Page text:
A person is a conglomeration of his or her past experiences from the day s/he starts remembering things, nothing else.

A person’s mind is a shells that starts building it’s personality, adding a layer of memory each time it thinks it’s worth remembering. It could hide it amongst it’s folds never to come out consciously or it could lay it on top ever ready to be called upon. It’s a ballfull of memories and experiences flexing their muscles, each competitively trying to exert influence on the action the person is about to commit.

I’m sure it was borne out of evolutionary necessity. Frail humans are no match for the brawn of the wild without something to hold it’s experiences to call upon when needed.
Add to that, the growing threat of each other.
The mind breeds superiority. Superiority breeds survival. Survival breeds abundance. Abundance breeds scarcity. Scarcity breeds competition. Competition breeds hunger for knowledge. Knowledge breeds superiority.
It’s a circle. The mind just happened to be the trigger.

So much for theory. Now, out here in the real world, you can see each of those steps at work. I have yet to come across another human being that is above and beyond that cycle. Forget Buddha. Abundance wasn’t abundant back then. Show me a guru and I bet you I could spot a thread of that cycle in the glint of his/her eye.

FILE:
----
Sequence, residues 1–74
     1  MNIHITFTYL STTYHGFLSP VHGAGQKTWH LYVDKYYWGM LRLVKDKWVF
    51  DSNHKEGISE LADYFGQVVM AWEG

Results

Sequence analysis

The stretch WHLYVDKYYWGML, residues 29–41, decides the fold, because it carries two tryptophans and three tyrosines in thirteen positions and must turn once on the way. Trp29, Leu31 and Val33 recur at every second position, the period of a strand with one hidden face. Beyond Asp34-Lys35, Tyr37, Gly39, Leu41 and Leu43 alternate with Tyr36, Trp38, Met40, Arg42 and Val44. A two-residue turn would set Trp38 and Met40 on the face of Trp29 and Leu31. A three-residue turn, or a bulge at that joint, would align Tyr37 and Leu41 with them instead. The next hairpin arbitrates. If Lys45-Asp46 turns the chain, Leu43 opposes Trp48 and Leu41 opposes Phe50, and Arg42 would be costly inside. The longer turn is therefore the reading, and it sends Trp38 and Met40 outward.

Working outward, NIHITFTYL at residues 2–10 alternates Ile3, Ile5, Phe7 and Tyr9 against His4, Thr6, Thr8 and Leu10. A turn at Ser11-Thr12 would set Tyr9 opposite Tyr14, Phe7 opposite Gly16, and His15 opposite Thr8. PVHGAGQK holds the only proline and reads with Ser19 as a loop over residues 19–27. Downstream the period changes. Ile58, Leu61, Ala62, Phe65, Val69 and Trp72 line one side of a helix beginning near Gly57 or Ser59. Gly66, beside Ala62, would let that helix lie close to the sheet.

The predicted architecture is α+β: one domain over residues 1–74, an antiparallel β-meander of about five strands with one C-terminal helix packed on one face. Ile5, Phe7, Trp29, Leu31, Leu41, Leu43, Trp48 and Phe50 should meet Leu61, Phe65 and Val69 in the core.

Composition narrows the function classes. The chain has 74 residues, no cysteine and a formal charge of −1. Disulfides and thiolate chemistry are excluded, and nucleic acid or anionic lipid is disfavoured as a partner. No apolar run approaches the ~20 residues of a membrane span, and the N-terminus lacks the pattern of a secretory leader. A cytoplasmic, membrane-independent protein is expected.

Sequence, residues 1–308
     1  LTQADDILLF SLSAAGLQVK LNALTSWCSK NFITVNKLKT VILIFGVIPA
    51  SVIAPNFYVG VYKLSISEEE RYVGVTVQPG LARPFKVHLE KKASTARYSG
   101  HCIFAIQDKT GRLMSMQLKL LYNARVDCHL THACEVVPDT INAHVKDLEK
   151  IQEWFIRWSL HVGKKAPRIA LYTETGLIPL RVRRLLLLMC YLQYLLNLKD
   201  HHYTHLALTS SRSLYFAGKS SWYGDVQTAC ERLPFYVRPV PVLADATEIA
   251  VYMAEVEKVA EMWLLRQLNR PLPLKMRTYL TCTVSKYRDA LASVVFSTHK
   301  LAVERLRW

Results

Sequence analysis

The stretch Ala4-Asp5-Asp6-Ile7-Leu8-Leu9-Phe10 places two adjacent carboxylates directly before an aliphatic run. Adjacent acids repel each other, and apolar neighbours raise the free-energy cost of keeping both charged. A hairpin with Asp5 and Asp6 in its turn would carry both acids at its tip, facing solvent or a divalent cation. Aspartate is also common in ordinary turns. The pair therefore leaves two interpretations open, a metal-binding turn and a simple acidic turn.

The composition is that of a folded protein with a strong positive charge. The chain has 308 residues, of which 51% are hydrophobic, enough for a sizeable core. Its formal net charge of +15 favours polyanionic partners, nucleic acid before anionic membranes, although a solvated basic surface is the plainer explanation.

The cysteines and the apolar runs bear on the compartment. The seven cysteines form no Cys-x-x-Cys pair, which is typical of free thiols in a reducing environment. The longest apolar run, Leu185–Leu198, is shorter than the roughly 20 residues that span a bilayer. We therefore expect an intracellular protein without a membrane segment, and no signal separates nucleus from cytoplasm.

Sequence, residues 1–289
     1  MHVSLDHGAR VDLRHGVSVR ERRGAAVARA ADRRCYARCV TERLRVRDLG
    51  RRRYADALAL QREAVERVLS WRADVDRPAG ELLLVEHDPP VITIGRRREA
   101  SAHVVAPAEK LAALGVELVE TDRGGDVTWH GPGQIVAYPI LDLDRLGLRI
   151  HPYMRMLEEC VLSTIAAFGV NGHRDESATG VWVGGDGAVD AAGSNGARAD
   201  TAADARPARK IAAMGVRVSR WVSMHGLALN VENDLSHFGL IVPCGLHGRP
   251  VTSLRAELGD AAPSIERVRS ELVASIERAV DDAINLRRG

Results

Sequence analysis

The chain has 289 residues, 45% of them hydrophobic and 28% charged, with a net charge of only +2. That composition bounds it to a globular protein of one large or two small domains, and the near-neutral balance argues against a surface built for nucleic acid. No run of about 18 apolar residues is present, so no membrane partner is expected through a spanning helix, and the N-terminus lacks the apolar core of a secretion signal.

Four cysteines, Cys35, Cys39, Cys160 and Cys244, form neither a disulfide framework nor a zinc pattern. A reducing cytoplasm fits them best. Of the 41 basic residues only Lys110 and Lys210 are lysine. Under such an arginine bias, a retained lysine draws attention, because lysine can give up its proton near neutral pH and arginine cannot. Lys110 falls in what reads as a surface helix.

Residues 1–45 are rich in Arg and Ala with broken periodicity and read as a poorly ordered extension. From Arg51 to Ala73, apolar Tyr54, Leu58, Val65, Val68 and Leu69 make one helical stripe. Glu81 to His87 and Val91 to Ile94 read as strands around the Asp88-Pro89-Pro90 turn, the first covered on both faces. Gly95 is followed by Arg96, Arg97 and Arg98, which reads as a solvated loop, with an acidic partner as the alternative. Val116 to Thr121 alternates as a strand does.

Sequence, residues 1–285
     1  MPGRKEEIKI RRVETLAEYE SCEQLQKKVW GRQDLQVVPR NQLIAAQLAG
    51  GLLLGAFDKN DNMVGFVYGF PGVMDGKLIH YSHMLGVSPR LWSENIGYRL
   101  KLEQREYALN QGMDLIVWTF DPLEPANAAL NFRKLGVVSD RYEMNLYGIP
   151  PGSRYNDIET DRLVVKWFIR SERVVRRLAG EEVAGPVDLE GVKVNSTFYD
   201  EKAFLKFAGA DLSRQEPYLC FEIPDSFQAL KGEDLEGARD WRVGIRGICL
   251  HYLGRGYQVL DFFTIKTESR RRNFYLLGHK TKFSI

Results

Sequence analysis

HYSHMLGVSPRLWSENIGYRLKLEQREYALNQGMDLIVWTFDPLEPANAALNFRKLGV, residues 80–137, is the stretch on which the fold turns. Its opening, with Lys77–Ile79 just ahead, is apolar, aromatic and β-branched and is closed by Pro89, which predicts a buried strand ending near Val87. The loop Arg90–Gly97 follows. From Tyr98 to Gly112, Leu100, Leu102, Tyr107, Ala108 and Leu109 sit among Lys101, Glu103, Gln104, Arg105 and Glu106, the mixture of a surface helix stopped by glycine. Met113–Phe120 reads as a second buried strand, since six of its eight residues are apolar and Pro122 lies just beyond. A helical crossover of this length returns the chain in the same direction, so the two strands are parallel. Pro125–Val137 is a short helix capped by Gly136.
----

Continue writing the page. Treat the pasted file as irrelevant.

Tall men have fought and won wars. Short men have changed the course of history. It’s not what we have outside. It’s what we have in the creases of our gooey matter, the crud that’s settled in since we were three. That’s what makes us tick or go jump off a building.

If you could sit at an auditoreum to watch the universe performing, you would bowl over laughing at the repeated mistakes we make and the perseverance of it all. It’s funny. Take my word for it. Or better yet, take it as if you were watching a parade of parodies through the ages, you and me among it. Oh, the comedy of it all.

Look for those memories that your mind is not letting you look at. Review it and give it an up yours. 🙂
(I’m still trying by the way).

the age of micro-wars or the ghost of battles past

The drivers behind micro protests in the last century used to be PETA, greenpeace, EFF, ACLU. Now it’s the likes of students on myspace, unemployed youth with cellphones, motorcyclists using aol, bloggers with commentaries as swords. Anyone can start the ball rolling, millions of potential Che Guevaras out there.

Here’s an article that tries to look at the other side of connectedness:

One of the baseline assumptions of U.S. foreign policy is that “connectedness” is a good thing. Linkage to the global economy fosters the growth of democracy and free markets, the theory goes, and that in turn creates the conditions for stability and security. But if that’s true, why is an increasingly “connected” world such a mess?


some links to protests and micro-insurgencies: